The doi for this publication is 10.1109/TCYB.2014.2323936 You can link directly to the original paper, via the doi, from here

What is a doi?: A doi (Document Object Identifier) is a unique identifier for sicientific papers (and occasionally other material). This provides direct access to the location where the original article is published using the URL http://dx.doi/org/xxxx (replacing xxx with the doi). See http://dx.doi.org/ for more information


Journal Rankings


ISI Web of Knowledge Journal Citation Reports

The Web of Knowledge Journal Citation Reports (often known as ISI Impact Factors) help measure how often an article is cited. You can get an introduction to Journal Citation Reports here. Below I have provided the ISI impact factor for the jourrnal in which this article was published. For complete information I have shown the ISI ranking over a number of years, with the latest ranking highlighted.

2014 (3.469)

URL

This pubication does not have a URL associated with it.

The URL is only provided if there is additional information that might be useful. For example, where the entry is a book chapter, the URL might link to the book itself.


Bibtex

@ARTICLE{sakq2015, author = {N. R. Sabar and M. Ayob and G. Kendall and R. Qu},
title = {A Dynamic Multiarmed Bandit-Gene Expression Programming Hyper-Heuristic for Combinatorial Optimization Problems},
journal = {IEEE Transactions on Cybernetics},
year = {2015},
volume = {45},
pages = {217--228},
number = {2},
note = {ISSN: 2168-2267},
abstract = {Hyper-heuristics are search methodologies that aim to provide high-quality solutions across a wide variety of problem domains, rather than developing tailor-made methodologies for each problem instance/domain. A traditional hyper-heuristic framework has two levels, namely, the high level strategy (heuristic selection mechanism and the acceptance criterion) and low level heuristics (a set of problem specific heuristics). Due to the different landscape structures of different problem instances, the high level strategy plays an important role in the design of a hyper-heuristic framework. In this paper, we propose a new high level strategy for a hyper-heuristic framework. The proposed high-level strategy utilizes a dynamic multiarmed bandit-extreme value-based reward as an online heuristic selection mechanism to select the appropriate heuristic to be applied at each iteration. In addition, we propose a gene expression programming framework to automatically generate the acceptance criterion for each problem instance, instead of using human-designed criteria. Two well-known, and very different, combinatorial optimization problems, one static (exam timetabling) and one dynamic (dynamic vehicle routing) are used to demonstrate the generality of the proposed framework. Compared with state-of-the-art hyper-heuristics and other bespoke methods, empirical results demonstrate that the proposed framework is able to generalize well across both domains. We obtain competitive, if not better results, when compared to the best known results obtained from other methods that have been presented in the scientific literature. We also compare our approach against the recently released hyper-heuristic competition test suite. We again demonstrate the generality of our approach when we compare against other methods that have utilized the same six benchmark datasets from this test suite.},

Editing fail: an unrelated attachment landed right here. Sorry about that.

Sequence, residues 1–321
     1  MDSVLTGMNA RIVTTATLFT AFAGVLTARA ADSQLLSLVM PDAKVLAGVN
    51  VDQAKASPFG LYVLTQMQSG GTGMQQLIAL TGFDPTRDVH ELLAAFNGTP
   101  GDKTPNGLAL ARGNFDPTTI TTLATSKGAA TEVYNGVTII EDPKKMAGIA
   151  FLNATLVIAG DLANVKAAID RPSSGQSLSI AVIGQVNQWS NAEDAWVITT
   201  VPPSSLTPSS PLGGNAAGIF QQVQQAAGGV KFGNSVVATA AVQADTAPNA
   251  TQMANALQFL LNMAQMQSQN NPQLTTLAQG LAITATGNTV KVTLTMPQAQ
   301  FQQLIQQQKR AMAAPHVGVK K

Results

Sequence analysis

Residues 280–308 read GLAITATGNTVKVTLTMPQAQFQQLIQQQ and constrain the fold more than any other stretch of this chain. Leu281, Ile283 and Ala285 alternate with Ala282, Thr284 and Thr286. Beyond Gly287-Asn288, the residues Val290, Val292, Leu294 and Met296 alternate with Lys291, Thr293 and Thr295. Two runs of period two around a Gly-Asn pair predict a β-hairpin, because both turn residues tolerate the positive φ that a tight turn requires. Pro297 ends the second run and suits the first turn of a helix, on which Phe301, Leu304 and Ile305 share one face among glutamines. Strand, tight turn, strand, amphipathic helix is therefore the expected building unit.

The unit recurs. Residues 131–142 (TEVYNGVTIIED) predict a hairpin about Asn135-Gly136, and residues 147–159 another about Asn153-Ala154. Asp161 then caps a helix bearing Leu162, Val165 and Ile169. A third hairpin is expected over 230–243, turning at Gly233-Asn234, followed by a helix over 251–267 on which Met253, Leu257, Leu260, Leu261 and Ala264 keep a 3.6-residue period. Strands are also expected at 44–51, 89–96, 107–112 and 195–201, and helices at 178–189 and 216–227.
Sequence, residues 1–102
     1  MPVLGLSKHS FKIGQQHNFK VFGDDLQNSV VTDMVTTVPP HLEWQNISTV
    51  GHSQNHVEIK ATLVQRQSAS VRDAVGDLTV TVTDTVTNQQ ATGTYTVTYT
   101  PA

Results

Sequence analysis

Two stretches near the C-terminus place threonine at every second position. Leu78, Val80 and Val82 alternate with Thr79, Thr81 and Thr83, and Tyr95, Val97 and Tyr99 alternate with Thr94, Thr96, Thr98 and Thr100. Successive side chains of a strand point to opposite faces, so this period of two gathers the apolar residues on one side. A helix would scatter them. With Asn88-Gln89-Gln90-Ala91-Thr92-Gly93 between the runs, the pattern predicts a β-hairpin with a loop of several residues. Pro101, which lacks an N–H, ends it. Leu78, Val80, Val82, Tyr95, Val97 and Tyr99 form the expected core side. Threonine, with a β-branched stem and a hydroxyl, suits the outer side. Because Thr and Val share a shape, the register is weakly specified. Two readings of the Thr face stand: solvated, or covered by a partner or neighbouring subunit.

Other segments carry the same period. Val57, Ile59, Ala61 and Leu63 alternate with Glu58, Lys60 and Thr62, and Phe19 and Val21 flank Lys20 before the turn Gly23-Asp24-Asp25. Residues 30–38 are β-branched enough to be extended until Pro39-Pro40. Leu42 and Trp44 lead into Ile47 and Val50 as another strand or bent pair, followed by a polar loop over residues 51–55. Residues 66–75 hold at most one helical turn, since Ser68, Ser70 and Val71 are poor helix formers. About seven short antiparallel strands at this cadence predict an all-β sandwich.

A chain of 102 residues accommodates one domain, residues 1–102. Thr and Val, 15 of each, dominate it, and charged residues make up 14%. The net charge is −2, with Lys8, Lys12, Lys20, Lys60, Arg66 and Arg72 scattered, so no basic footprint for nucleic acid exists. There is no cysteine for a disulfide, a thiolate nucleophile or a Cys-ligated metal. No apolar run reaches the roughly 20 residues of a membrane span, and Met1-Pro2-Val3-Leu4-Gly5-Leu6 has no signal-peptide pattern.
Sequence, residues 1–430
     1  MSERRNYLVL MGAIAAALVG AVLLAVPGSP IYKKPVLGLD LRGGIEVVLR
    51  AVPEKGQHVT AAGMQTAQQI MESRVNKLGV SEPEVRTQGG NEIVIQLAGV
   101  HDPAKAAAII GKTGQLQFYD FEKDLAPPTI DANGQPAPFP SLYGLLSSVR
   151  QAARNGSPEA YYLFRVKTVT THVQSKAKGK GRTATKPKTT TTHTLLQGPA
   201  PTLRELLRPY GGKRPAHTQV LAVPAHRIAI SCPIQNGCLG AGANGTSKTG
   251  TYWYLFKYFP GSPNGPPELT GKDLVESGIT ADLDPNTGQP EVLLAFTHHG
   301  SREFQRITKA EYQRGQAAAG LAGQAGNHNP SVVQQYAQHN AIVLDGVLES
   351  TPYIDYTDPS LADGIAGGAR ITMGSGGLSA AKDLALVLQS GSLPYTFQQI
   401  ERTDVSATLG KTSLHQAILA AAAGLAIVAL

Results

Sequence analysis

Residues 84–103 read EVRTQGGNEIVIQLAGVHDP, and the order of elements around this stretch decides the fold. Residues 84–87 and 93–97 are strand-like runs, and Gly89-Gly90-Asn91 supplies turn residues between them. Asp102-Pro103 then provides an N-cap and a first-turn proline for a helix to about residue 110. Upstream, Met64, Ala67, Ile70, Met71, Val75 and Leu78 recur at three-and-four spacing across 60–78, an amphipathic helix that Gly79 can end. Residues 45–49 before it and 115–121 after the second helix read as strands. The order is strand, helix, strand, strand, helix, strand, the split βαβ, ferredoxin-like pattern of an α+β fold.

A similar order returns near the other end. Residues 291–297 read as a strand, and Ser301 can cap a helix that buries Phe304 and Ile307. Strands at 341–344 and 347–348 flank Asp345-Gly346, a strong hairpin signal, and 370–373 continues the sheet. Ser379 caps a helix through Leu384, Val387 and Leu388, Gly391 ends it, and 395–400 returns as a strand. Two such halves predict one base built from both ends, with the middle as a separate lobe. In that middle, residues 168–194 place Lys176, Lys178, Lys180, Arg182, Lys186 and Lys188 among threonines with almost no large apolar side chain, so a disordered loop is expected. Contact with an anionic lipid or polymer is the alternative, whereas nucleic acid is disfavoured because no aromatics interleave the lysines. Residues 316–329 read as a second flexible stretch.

doi = {10.1109/TCYB.2014.2323936},
issn = {2168-2267},
owner = {gxk},
timestamp = {2011.06.11},
webpdf = {http://www.graham-kendall.com/papers/sakq2015.pdf} }